This is the second in a three-part series on rising foreclosures in the Flathead Valley.
Bob Schneider has been a banker in Montana for more than 40 years. He’s seen the dot-com bubble burst and stock markets crash. Still, nothing compares to the challenges his business and customers are facing today.
“This is the worst I’ve ever seen it in my history of banking in Montana,” Schneider, First Interstate Bank Kalispell president, said. “And this, I think, is the worst hit place in the state.”
The trouble: As the recession claims jobs or exposes financial risks, an increasing number of borrowers are facing foreclosure as they fall behind on payments. In just the first six months of this year, the number of people entering the foreclosure process in Flathead County climbed to 459 – just 18 shy of last year’s total.
The consequences are most ruinous for the homeowner, of course, but they also reverberate into the broader community, especially the Flathead’s financial and real estate sectors.
Lenders find themselves stuck between obligations to investors and struggling customers, and are left weighing the financial costs of writing down debts against the stress of taking on properties. In the real estate market, foreclosures threaten to drive down home values as they become more common.
“To some degree, it affects everything in this community – the banking industry, the real estate industry, the appraisal industry, the title companies,” Ron Rosenburg, president of Valley Bank in Kalispell, said.
Nationally, job or income loss remains the top reason people fall behind on their mortgages, followed by excessive debts and illness in the family, according to a survey by Freddie Mac, the Federal Home Loan Mortgage Corporation. That report plays out in the Flathead where local experts say the high unemployment rate is feeding rising mortgage-delinquency rates.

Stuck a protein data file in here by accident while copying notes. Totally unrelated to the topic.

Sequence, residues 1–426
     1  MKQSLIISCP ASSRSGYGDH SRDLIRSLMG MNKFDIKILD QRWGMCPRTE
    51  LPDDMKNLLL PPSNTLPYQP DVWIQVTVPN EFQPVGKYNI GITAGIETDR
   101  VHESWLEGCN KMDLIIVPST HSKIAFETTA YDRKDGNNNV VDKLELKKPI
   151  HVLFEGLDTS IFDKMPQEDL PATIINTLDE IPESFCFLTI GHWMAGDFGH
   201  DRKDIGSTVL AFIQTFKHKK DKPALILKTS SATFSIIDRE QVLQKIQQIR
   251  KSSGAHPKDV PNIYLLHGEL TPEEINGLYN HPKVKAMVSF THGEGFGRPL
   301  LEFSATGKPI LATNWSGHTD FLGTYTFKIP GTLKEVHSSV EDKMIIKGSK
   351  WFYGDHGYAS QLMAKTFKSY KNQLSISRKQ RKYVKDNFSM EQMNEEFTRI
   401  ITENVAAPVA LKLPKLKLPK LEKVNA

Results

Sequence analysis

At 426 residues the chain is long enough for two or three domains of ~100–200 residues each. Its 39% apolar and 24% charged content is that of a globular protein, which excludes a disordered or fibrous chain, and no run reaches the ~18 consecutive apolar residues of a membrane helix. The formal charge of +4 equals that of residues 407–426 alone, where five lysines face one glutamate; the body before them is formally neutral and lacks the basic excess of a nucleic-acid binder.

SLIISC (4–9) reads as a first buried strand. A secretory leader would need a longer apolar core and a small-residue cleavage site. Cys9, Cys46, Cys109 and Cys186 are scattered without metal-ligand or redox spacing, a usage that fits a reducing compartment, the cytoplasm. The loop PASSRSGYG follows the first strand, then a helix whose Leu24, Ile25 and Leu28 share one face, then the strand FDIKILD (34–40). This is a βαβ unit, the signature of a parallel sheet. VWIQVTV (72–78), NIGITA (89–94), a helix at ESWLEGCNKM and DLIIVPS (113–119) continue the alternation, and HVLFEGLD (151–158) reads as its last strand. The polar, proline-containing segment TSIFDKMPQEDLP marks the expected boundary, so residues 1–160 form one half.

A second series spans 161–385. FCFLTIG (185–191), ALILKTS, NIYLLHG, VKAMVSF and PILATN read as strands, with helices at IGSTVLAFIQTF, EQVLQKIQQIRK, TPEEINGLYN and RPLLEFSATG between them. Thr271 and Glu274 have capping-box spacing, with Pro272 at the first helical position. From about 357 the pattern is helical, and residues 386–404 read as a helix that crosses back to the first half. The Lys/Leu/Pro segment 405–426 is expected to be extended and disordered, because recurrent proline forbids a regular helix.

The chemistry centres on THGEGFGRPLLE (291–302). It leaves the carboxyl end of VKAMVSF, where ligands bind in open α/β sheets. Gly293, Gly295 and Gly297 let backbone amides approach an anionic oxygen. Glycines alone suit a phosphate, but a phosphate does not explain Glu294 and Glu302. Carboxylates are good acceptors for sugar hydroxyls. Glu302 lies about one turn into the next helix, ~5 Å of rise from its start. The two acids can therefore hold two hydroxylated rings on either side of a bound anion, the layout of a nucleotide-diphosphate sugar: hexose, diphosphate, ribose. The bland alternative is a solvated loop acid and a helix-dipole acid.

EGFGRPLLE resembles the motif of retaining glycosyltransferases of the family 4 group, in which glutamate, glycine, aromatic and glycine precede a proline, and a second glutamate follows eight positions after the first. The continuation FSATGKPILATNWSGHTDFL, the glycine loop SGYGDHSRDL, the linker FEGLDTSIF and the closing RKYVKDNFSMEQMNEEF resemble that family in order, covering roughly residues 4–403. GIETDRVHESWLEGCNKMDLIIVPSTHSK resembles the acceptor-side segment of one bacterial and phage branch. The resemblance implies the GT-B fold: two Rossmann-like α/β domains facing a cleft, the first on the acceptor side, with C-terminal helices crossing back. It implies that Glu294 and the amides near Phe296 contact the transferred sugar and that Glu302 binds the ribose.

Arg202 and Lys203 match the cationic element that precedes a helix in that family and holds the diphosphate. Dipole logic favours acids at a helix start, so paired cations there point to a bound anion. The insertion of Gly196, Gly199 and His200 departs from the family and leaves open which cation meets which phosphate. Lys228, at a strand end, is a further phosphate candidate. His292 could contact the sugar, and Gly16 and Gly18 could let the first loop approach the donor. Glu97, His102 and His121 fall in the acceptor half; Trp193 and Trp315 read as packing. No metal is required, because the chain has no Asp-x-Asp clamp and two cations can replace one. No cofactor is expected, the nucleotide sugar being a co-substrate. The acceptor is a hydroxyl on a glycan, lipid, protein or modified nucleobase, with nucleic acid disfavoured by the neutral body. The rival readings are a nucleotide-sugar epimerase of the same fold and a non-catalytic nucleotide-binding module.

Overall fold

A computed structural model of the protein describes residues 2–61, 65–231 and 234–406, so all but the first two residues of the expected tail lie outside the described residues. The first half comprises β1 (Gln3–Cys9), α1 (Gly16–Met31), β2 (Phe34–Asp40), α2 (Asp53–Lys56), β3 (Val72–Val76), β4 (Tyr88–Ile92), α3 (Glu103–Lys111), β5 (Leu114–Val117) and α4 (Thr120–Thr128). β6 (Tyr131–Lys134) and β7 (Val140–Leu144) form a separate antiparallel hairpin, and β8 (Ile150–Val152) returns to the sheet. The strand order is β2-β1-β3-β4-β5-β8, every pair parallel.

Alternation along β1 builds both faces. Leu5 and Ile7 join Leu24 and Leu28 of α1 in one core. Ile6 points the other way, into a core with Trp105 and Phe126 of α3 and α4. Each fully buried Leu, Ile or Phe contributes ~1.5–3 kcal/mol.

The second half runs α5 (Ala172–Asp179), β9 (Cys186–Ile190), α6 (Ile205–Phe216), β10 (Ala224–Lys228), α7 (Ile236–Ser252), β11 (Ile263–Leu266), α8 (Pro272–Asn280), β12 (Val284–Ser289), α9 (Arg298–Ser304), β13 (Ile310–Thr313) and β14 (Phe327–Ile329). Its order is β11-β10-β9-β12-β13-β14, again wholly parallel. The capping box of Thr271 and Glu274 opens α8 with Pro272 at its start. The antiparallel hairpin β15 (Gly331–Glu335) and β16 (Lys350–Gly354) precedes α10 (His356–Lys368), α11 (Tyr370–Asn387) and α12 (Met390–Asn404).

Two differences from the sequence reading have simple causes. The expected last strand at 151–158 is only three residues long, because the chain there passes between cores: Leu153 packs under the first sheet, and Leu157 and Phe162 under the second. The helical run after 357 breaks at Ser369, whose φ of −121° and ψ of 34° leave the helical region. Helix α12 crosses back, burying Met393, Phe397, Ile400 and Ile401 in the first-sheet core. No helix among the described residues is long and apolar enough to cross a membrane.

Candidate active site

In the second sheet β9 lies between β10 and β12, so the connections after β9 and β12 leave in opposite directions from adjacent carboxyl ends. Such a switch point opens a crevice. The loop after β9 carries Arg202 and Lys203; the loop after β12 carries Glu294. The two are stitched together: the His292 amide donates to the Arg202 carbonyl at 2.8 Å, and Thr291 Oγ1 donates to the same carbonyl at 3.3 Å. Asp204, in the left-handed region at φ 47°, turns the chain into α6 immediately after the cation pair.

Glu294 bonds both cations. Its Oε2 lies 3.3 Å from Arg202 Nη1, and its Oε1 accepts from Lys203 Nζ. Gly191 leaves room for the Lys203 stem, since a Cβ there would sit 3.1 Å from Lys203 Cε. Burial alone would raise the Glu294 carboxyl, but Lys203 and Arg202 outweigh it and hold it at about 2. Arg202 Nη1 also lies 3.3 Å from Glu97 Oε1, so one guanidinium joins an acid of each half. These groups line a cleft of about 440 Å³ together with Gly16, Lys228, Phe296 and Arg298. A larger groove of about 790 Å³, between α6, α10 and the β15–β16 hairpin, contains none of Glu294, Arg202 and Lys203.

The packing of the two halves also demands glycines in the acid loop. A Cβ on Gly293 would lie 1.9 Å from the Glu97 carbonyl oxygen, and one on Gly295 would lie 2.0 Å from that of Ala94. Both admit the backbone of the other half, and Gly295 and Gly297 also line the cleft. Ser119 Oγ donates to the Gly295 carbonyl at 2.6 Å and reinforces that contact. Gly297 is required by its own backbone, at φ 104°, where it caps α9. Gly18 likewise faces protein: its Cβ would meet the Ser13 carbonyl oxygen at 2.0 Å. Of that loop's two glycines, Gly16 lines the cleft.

Other struggling borrowers include developers or individuals who gambled on one of the fastest-growing counties in the state, buying up property in hopes values would keep going up.
“There was some speculating,” Rosenburg said. “Everyone watched other people making money and wanted a piece of that. The valley was on a pretty good ride for quite a while, but market adjustments are inevitable.”
Higher-end property owners could be the next group to struggle with foreclosures, according to Dale Cosby Newmann, owner of West Venture Properties and president of the Northwest Montana Association of Realtors MLS board. “If people lose faith that the value of their property isn’t worth what they owe anymore, and don’t see an ability to sell, that might be the next area to get hit,” he said.
Contrary to what many might think, the decision on whether to continue a foreclosure action here is most often made by an out-of-state loan servicing company hired to manage billions of dollars worth of mortgages. “There’s a stereotype that people are dealing with the hometown banker,” Schneider said. “They’re usually not.”